Sunday, October 24, 2021

Spartans close disappointing season with loss to Penn State

Team suffers worst defeat since 1947

November 25, 2002
Sophomore quarterback Damon Dowdell puts on his helmet on the bench during the final moments of Saturday's game at Beaver Stadium in Happy Valley. The Spartans lost 61-7 to —

State College, Pa. - The season is finally over for the Spartans, and thanks to Penn State's 61-7 beating in Happy Valley, it's the worst season for MSU since 1991.

The Spartans (4-8 overall, 2-5 Big Ten) also lost eight games that year, but MSU was never embarrassed in 1991 the way it was Saturday night.

The 54-point margin of defeat is the worst for any Spartan team since a 55-0 loss to Michigan in 1947, and the 61 points is the most allowed since a 63-0 loss to U-M in 1922. Saturday's performance also marked just the ninth time in 106 seasons of MSU football that the Spartans have yielded 55 points or more.

"The game was very disappointing. We wanted to go out on a better note and we felt we could stick with them," senior wide receiver BJ Lovett said. "We just came out and everything seemed like it collapsed."

But MSU actually got a lucky break to start things off. The Nittany Lions (9-3, 5-3) drove the ball 67 yards on seven plays to open the game. But Penn State failed to convert a 19-yard field goal attempt after the snap sailed high.

On the Spartans first offensive play, freshman tailback David Richard ran for 22 yards. But just when it seemed like MSU was in control, junior wide receiver Charles Rogers fumbled an attempted reverse on the following play.

After the turnover, it took Penn State just three plays and 27 yards to go up 7-0. MSU punted on its next possession, and the Nittany Lions marched 75 yards on nine plays to take a 14-0 lead.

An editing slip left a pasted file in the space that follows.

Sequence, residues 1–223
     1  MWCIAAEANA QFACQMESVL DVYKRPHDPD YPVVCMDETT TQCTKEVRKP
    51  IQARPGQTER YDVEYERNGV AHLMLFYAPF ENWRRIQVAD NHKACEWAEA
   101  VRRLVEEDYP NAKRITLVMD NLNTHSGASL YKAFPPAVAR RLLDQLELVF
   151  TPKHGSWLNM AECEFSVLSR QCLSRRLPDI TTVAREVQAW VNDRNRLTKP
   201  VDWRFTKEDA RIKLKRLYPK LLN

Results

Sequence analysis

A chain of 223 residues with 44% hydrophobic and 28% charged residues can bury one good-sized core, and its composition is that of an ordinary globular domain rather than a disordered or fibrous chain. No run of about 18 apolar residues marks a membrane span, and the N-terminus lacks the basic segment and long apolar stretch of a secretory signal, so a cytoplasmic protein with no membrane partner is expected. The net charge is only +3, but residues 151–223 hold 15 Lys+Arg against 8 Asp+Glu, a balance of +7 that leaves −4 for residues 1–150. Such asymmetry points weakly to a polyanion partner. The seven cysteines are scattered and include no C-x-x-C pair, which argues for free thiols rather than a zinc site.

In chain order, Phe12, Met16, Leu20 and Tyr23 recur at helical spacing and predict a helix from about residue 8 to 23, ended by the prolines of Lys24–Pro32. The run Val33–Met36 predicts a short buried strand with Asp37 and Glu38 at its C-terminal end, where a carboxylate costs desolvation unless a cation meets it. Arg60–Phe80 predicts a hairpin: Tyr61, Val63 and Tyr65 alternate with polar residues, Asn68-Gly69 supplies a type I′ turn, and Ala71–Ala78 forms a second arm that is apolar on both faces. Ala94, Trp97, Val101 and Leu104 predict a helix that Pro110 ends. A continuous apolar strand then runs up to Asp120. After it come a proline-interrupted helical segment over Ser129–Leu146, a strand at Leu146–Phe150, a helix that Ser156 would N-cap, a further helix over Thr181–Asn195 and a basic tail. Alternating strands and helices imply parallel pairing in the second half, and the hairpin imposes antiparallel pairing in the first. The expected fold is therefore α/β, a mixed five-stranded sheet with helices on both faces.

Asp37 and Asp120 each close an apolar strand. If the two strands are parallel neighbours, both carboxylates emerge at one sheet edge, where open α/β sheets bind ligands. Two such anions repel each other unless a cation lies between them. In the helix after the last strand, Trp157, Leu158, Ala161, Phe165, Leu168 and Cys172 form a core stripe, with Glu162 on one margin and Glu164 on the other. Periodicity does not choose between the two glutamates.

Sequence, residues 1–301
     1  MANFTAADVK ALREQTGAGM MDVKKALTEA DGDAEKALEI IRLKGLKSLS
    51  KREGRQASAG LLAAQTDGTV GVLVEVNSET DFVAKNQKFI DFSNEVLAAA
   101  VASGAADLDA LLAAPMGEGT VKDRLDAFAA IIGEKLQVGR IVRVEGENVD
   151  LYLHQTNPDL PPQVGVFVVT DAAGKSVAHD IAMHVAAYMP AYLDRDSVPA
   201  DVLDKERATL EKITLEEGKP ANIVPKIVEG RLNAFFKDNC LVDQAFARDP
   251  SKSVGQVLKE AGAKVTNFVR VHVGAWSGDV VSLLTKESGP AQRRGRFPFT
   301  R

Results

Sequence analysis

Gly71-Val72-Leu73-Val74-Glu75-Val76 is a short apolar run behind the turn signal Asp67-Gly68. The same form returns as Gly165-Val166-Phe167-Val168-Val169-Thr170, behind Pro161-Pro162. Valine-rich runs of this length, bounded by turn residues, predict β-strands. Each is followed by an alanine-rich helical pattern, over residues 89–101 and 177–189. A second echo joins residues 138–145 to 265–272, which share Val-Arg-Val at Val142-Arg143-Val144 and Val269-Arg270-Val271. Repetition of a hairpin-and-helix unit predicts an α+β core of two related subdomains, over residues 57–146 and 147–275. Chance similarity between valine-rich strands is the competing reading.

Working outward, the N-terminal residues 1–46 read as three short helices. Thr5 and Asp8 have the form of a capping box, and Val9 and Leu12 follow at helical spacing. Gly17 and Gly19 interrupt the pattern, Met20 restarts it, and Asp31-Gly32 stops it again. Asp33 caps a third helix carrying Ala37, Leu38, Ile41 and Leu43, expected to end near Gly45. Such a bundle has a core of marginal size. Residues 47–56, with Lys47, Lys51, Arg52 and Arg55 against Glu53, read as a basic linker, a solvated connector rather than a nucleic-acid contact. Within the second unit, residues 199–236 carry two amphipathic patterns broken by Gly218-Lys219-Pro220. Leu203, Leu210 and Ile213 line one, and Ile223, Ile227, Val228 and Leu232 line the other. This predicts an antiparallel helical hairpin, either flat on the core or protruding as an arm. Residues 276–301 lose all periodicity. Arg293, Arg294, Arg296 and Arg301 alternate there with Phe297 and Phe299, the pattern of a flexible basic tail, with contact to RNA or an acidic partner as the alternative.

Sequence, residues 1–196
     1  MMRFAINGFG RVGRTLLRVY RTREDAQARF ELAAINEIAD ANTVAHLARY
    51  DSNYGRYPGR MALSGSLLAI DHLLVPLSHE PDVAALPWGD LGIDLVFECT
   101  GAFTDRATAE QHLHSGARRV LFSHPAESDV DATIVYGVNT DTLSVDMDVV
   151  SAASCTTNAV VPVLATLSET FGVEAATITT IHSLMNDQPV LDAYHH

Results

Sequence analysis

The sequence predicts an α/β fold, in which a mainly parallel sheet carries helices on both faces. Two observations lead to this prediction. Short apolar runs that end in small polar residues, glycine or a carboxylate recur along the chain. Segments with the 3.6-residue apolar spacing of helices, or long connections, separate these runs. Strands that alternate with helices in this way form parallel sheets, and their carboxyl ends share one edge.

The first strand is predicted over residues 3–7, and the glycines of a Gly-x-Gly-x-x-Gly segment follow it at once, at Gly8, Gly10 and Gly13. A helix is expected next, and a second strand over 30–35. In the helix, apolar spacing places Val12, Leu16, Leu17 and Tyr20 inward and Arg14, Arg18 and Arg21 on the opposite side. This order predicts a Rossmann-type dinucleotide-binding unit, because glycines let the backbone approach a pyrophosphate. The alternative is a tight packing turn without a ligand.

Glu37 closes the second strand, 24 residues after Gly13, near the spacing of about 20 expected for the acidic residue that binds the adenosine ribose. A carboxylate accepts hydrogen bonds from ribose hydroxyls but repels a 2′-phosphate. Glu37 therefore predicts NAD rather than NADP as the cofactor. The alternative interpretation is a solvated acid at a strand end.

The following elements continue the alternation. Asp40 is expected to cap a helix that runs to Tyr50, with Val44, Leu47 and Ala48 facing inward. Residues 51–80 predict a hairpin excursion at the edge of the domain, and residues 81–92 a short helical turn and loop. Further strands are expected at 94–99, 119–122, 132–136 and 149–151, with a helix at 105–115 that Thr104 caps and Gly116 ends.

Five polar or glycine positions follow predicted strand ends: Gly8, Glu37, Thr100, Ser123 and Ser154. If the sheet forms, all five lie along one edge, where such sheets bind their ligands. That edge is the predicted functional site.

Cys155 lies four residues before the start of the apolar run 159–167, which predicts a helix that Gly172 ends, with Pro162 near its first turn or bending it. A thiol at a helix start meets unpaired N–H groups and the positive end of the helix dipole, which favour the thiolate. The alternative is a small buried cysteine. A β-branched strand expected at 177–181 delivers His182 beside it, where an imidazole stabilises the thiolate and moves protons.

Then two big plays from Penn State wide receiver Bryant Johnson - an 81-yard punt return and a 41-yard reception - put the Spartans down 28-0.

Senior strong safety Thomas Wright said the quick start by the Nittany Lions reminded him of MSU's 2000 trip to Happy Valley. Penn State took a 28-0 lead that year as well, and cruised to a 42-23 win.

"After that I just kept on fighting," Wright said. "But I didn't even look at the scoreboard any more."

Not watching the scoreboard might have helped ease the pain, but it didn't stop the Nittany Lions from posting 20 more points before halftime.

As for the Spartans, sophomore kicker Dave Rayner missed a 39-yard field goal on MSU's only other scoring opportunity of the first half.

"We weren't able to change the momentum of the game," said Morris Watts, MSU's interim head coach. "If we just made the two field goals maybe that slows down the process a little bit.

"But we never slowed down the process in the first half and the momentum just kept building on their side."

Helping to create the frenzied atmosphere was Penn State tailback Larry Johnson. The 6-foot-2, 222-pounder became the first back in Big Ten history and the ninth in NCAA history to rush for 2,000-plus yards in a single season.

Johnson achieved the feat with 279 rushing yards and four touchdowns on just 19 carries. He didn't play in the second half.

Johnson reached the milestone on the last score of the first half, a 38-yard touchdown run. Not only did Beaver Stadium light up with flashbulbs, but several Spartans also praised the senior for his accomplishment.

"He is one of the best backs I've seen in a while," Watts said. "He had a lot to due with busting this thing wide-open for sure."

After the game was over, it was obvious the Spartans were emotionally hurt. Many talked of the disappointment surrounding this season from start to finish.

In the preseason, MSU was picked to finish third in the Big Ten. With eight home games, some even considered the Spartans a dark horse national championship contender.

"The locker room right now is just real quiet," sophomore defensive tackle Brandon McKinney said. "We've been through a real tough time. Guys are just ready to get this over with."

Watts said there's a sense of relief that this season is over. But he said he still can't explain what went wrong.

"It's like, pinch me," he said. "It's like it's a dream and it really didn't happen.

"I hope they've learned from it so that they give themselves a chance to not go through this same thing again next year."

Eric McKinney can be reached at


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